Ontario children’s hospitals are limiting surgeries and warning of lengthy emergency-room wait times amid a “triple threat” of respiratory illnesses that have forced pediatric intensive-care units to operate beyond capacity.
Toronto’s Hospital for Sick Children said Friday it would limit surgeries to prioritize urgent procedures, as its ICU operated at above 127-per-cent capacity for several days this week – with more than half of those patients on a ventilator.
Similarly, the ICU at McMaster Children’s Hospital was operating at 140-per-cent capacity on Friday, and ER wait times have at times reached up to 13 hours. On Saturday, MCH started transferring 16- and 17-year-old surgical patients to two regular hospitals in the region to alleviate strain.
At the Children’s Hospital of Eastern Ontario, where a second ICU was recently created, administrators said they’re dealing with double the number of patients than usual, with wait times approaching 11 hours on Saturday morning. CHEO said it is contacting patients whose surgeries are being affected.
Children’s hospitals are being inundated as they simultaneously deal with an early and fast-moving flu season, continuing challenges from COVID-19 infections and an emergence of respiratory syncytial virus, according to medical professionals. RSV is a common pediatric infection that can require hospitalization for vulnerable children, such as those with asthma.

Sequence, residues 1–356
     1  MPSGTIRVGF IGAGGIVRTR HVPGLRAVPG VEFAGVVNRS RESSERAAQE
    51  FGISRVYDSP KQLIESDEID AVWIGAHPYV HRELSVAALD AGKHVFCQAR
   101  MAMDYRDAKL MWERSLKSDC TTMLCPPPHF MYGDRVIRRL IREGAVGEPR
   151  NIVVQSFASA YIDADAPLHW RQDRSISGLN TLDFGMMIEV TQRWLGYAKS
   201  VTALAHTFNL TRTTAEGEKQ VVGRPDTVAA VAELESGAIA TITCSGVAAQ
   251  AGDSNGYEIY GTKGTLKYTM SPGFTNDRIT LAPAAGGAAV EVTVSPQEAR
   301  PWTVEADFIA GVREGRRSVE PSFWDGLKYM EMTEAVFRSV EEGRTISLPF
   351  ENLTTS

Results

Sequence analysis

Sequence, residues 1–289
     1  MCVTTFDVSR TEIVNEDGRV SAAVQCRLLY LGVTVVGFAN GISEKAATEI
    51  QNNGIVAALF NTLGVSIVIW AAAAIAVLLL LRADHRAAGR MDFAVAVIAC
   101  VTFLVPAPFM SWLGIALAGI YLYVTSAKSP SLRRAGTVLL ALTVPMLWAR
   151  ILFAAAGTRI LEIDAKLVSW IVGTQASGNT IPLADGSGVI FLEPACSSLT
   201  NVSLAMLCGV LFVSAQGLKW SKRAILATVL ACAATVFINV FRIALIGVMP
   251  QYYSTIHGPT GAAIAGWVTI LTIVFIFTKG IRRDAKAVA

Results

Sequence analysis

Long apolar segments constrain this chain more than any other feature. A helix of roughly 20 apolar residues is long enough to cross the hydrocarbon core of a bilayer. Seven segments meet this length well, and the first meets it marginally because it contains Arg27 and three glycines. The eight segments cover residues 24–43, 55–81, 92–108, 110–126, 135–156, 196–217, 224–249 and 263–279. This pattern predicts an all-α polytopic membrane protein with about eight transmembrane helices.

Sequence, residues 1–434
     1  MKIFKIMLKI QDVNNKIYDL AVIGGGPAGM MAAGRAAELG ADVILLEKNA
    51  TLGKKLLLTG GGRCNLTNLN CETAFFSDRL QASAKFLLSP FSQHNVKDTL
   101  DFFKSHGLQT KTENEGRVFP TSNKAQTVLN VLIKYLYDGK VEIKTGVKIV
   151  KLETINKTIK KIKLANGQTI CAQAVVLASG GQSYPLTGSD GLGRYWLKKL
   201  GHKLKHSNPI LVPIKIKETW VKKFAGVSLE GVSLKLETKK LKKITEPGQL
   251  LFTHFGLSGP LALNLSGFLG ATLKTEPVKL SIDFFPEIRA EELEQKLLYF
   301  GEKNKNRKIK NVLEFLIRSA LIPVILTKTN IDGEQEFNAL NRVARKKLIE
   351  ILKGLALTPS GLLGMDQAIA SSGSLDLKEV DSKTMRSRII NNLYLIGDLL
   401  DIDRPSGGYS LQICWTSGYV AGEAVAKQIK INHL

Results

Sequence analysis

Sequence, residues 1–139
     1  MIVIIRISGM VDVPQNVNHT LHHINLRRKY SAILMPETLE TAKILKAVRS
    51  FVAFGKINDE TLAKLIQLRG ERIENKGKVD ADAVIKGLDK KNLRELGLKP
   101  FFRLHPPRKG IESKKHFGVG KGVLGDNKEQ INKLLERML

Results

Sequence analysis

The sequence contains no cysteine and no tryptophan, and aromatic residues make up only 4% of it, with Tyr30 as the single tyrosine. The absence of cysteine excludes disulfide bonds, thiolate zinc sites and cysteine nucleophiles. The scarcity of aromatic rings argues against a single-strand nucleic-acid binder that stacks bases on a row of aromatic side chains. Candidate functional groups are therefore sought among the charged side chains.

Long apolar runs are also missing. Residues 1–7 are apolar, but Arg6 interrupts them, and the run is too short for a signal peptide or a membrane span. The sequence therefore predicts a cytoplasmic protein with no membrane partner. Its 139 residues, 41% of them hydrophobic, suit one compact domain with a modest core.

Medical professionals say the surge of respiratory infections is impacting hospitals that were already struggling with high numbers of patients and staffing challenges owing to sick and burnt-out workers.
“We were having trouble in Canadian health care even in the summer months where across the country we had emergency departments closing because of personnel issues,” said Isaac Bogoch, an infectious-disease expert and staff physician at Toronto’s University Health Network.
Anthony Dale, president and CEO of the Ontario Hospital Association, implored people to mask up in crowded areas and to stay home if sick, saying he was “increasingly concerned” about rising pressures on pediatric hospitals in particular.
“Children often wait longer than adults for surgeries and access to specialist clinics and diagnostic procedures,” said Mr. Dale.
“Unfortunately, pediatric hospitals are being forced to cancel many of these services to free up physicians, staff and clinical spaces for children with very serious respiratory conditions.”
He added that a large number of the children currently being hospitalized do not have COVID-19, are not immunocompromised and have no underlying health conditions.
Parents, such as Ottawa resident Mahreen Kazi, say the strain on the health care system has been frustrating.
Ms. Kazi was advised against taking her six-year-old son to the hospital after he was diagnosed with a respiratory illness last week to help ease the strain on children’s hospitals. When she asked a doctor for medication, she said she was told there was a shortage in amoxicillin for children, and her son was prescribed azithromycin instead.
”We have to run around for asking for basics, and it just tears me up from inside,” said Ms. Kazi, who said that she, along with her husband and other son, were sick as well.
“Every time my child coughs, every time he’s unable to sleep at night, it just frustrates me.”